After removal from the furnace, the vertical deformation of the center section from the supported end sections, hereinafter referred to as "maximum-Sag," was measured. Maximum sag is a criteria for evaluating the tube deformation resulting from the heating portion of the copper porous layer forming method. Grain size measurements of the tube metal were also made to evaluate the effect of heating on the tube strength. For these grain size measurements, the tubes were cut longitudinally along the tube center line and measurements made at right angles to the cuts following the procedure of ASTM No. E 112-63 "Tentative Methods for Estimating Average Grain Size of Metals," Appendix 4.
The results of these are as follows:
______________________________________ Maxi- Tube PorousType of Maximum mum Grain* CoatingPorous Heating Sag Size PoreLayer Temperature° F (inches) (mm.) Radii (mil)______________________________________Copper 1825 9/16 > 0.200 1.65Copper- 1525 1/4 0.035- 1.74Phosphorus 0.045______________________________________ *Grain size for unheated 99% copper - 1% iron tube = 0.010 mm.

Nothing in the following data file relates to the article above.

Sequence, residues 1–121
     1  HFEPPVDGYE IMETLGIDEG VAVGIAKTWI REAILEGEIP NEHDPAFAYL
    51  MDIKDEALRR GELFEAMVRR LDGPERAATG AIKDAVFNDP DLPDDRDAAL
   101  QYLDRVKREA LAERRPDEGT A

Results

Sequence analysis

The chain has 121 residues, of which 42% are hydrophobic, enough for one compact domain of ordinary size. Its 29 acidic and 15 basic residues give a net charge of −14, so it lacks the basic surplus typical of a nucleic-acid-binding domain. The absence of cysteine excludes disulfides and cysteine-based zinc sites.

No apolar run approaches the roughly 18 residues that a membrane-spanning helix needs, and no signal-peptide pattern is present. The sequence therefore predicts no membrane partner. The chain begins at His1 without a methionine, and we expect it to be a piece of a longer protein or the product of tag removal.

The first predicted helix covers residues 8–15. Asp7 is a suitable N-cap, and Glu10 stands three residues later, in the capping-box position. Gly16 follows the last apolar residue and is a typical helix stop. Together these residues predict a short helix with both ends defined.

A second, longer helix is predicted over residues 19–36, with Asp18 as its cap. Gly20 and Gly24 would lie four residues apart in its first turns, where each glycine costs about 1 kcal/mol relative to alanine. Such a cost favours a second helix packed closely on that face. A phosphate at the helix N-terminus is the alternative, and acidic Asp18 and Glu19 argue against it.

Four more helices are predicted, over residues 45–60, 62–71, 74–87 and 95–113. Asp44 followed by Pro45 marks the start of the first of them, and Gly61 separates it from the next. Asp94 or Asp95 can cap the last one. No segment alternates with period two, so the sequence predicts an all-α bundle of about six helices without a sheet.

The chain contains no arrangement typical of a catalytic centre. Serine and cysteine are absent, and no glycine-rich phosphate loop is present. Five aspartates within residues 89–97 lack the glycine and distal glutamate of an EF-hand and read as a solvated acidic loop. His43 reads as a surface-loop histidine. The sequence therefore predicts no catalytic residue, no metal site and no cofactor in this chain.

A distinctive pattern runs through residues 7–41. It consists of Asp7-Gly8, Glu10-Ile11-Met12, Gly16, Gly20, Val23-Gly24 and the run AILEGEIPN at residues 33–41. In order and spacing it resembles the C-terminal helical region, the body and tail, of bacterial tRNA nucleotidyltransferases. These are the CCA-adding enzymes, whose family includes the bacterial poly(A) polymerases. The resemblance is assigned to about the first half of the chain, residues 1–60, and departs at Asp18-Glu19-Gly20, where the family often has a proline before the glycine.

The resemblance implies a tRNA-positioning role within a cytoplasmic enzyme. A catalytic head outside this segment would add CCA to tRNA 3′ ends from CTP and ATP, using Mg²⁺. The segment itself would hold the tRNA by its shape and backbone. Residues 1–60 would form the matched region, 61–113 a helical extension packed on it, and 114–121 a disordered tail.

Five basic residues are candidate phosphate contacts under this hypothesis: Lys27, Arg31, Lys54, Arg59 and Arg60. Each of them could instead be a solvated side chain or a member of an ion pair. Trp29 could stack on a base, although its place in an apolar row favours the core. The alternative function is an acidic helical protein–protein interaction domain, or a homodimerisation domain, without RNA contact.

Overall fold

It is seen from this data that the present method permitted a substantially lower bonding temperature and provided an article characterized by less than one-half the deformation of articles prepared by the prior art sintering method. The deformation of the sintered copper porous layered tube was so great as to prevent its use in heat exchanger construction, whereas the copper-phosphorous porous layer tube may be so used. The data also indicated that whereas the present method for forming the copper porous layer only slightly increased the tube grain size, the prior art sintering method causing an over twenty- fold increase in grain size. In view of the well known relationship between metal grain size and strength, it is apparent that the porous copper layered tube of this invention has substantially the same strength as the unheated tube in marked contrast to the prior art sintered porous copper layered tube. It is significant that the ASTM No. B75-62 specification for seamless copper tube, light annealed, is an average grain size not exceeding 0.04 mm. Accordingly, the brazed article of this invention would be acceptable using this standard but the sintered article wholly unacceptable.
Another important advantage of this manufacturing method is the much higher production rate, e.g., the copper-phosphorous powder coated tube movement rate of 4 inches per minute as compared to the pure copper sintering method's rate of 1 inch per minute.